As beauty ruled supreme: Dudamel and the LA Phil’s moving and meaningful Fidelio

United KingdomUnited Kingdom Beethoven, Fidelio: Soloists, Deaf West Theatre (Los Angeles), Coro de Manos Blancas (White Hands Choir, Venezuela), Cor de Cambra del Palau de la Música Catalana, Cor del Gran Teatre del Liceu, Los Angeles Philharmonic / Gustavo Dudamel (conductor). Barbican Hall, London, 3.6.2024. (AK)

Los Angeles Philharmonic conducted by Gustavo Dudamel perform Fidelio © Ash Knotek/Barbican

Director – Alberto Alvero
Co-director – Joaquin Solano
Artistic producer – Gabriela Camejo
Costume designer – Solange Mendoza
Lighting designers – Tyler Glover and Tyler Lambert-Perkins
Sign language choreographer – Colin Analco
Assistant language choreographer – Bridget Berrigan

Leonora – Tamara Wilson (soprano), Amelia Hensley (actor)
Florestan – Andrew Staples (tenor), Daniel Durant (actor)
Rocco – James Rutherford (bass-baritone), Hector Reynoso (actor)
Marzelline – Gabriella Reyes (soprano), Sophia Morales (actor)
Jaquino – David Portillo (tenor), Otis Jones (actor)
Don Pizzaro – Shenyang (bass-baritone), Giovanni Maucere (actor)
Don Fernando – Patrick Blackwell (bass-baritone), Mervin Primeaux-O’Bryant (actor)

Founded in Venezuela in 1975 by Venezuelan educator, musician, and activist José Antonio Abreu, the El Sistema music program catered for disadvantaged youth with the motto ‘Music for Social Change’.

Gustavo Dudamel, born into a musician family in 1981, experienced the power of music for integration when, at the age of 18, he was appointed Music Director of the Simón Bolívar Youth Symphony Orchestra, consisting of graduates of the El Sistema program.

The importance of social change and integration through music has entered Dudamel’s DNA; one of the manifestations is his innovative project of involving deaf people into the art of opera.

For this Barbican Hall concert, a collaboration between the Los Angeles Philharmonic, Deaf West Theatre (Los Angeles), El Sistema’s Coro de Manos Blancas (White Hands Choir, Venezuela, for deaf and hard-hearing children/adults) as well as two choirs from Catalan and Liceu respectively created a deeply moving and wholly absorbing staged presentation of Fidelio, composed by Beethoven by which time – according to our best knowledge – he was already deaf.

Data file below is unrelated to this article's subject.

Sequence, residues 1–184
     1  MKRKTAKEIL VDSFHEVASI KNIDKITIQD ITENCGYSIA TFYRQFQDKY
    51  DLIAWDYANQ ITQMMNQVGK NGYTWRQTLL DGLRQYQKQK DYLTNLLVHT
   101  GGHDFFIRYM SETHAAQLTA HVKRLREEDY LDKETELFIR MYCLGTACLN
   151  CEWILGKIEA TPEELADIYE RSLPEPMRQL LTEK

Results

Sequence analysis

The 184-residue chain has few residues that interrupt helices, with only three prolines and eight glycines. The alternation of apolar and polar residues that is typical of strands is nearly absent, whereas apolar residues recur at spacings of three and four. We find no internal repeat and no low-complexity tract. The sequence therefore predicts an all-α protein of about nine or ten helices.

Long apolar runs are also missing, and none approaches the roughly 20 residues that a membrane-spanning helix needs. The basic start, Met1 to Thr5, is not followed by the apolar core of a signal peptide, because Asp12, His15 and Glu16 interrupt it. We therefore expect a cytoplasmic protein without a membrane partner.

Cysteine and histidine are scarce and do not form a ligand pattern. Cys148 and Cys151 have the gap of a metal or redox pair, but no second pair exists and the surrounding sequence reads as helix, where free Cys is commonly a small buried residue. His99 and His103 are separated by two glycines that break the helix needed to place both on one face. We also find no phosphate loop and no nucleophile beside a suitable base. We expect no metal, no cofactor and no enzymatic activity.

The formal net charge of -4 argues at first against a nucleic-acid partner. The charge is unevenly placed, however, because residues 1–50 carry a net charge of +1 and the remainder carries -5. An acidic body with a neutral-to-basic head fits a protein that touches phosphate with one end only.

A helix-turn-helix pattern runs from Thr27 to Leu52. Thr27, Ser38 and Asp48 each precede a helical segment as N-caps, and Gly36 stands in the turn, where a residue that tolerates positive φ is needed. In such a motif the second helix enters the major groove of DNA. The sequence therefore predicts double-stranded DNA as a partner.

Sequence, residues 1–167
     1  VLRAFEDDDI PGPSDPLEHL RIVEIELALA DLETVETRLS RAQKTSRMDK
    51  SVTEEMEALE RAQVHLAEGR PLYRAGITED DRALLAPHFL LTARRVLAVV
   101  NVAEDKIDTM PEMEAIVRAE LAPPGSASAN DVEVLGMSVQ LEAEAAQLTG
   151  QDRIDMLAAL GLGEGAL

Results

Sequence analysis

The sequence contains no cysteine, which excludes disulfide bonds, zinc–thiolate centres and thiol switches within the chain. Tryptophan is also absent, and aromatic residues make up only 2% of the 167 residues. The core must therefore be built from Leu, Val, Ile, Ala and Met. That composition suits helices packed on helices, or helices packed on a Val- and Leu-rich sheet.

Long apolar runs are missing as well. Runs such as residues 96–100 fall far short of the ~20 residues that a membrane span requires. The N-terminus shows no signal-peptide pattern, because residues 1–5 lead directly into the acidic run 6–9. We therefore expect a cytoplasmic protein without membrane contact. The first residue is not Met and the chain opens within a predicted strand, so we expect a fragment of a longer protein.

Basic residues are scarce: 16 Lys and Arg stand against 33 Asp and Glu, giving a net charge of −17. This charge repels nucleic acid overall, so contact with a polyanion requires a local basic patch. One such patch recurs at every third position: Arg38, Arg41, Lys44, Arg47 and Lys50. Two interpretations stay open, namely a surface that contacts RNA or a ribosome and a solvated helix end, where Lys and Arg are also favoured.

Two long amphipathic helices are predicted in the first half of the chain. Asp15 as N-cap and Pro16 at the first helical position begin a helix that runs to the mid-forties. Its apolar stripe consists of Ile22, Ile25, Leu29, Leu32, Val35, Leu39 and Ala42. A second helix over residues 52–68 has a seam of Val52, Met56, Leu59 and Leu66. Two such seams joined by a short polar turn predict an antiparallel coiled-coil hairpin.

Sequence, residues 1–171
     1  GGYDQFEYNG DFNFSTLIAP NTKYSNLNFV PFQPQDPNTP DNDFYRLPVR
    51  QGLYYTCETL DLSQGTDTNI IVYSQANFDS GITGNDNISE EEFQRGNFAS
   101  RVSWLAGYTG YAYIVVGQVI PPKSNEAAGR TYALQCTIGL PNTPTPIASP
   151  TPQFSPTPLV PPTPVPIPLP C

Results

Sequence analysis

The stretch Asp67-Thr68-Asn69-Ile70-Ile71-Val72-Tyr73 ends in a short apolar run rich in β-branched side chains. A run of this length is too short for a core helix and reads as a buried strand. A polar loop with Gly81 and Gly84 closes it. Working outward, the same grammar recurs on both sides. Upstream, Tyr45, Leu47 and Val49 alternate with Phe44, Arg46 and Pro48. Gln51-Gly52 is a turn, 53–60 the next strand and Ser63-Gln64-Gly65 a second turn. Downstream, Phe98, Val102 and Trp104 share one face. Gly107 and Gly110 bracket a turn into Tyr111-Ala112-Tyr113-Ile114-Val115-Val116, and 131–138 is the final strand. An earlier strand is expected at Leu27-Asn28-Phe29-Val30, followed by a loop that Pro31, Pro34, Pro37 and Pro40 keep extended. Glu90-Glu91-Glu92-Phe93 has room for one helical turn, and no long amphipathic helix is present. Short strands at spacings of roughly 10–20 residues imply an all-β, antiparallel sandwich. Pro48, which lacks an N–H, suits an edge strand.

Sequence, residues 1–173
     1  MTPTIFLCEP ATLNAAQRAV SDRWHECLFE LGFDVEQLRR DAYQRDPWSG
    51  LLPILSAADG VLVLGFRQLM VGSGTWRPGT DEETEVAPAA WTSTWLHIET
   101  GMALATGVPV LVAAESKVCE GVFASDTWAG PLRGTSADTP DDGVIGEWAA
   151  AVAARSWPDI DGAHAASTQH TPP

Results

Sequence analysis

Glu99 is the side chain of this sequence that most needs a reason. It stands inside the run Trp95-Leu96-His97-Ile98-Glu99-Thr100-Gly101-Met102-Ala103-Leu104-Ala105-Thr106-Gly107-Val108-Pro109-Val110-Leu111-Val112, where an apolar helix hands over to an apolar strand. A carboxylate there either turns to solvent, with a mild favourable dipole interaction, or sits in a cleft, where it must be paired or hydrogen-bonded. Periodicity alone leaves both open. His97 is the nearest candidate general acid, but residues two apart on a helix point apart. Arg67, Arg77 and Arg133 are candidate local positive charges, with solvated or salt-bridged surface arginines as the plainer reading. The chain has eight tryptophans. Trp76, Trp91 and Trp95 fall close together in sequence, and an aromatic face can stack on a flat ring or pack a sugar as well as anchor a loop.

The rehearsal period for the Barbican performance included integration not only between hearing and deaf people but also between several spoken and signed languages.

Fidelio is in German, the participating groups spoke/signed in English, American English (ASL: the signing of this is different from English signing), Venezuelan, Spanish and Catalan. At the most informative and fascinating Barbican pre-concert talk, eight translators signed simultaneously to make sure everybody’s full integration. However, at the actual performance the unified international sign language was used.

The performance was aimed for both deaf and hearing audiences. This aspiration included supplying usual operatic surtitles but with the addition of comments such as ‘musical intro’, ‘march’ etc. when singing/signing stopped during purely orchestral passages. I am not sure why such comments were necessary: the audience (deaf and hearing) could see when singers and deaf actors stopped singing/signing and when people on the stage were marching. However, comments like ‘knocking’ when indicated only by orchestral music were wholly justified.

Los Angeles Philharmonic conducted by Gustavo Dudamel perform Fidelio © Ash Knotek/Barbican

With skilful arrangement, Barbican Hall’s stage can accommodate operatic performances although – with the orchestra in full sight – the description ‘semi-staged’ may be more appropriate. To facilitate space for the singers/actors, on this occasion the orchestra seems to have used slightly reduced strings from its regular symphony size. However, as mentioned at the pre-concert talk, during some periods of the performance two hundred people were on stage.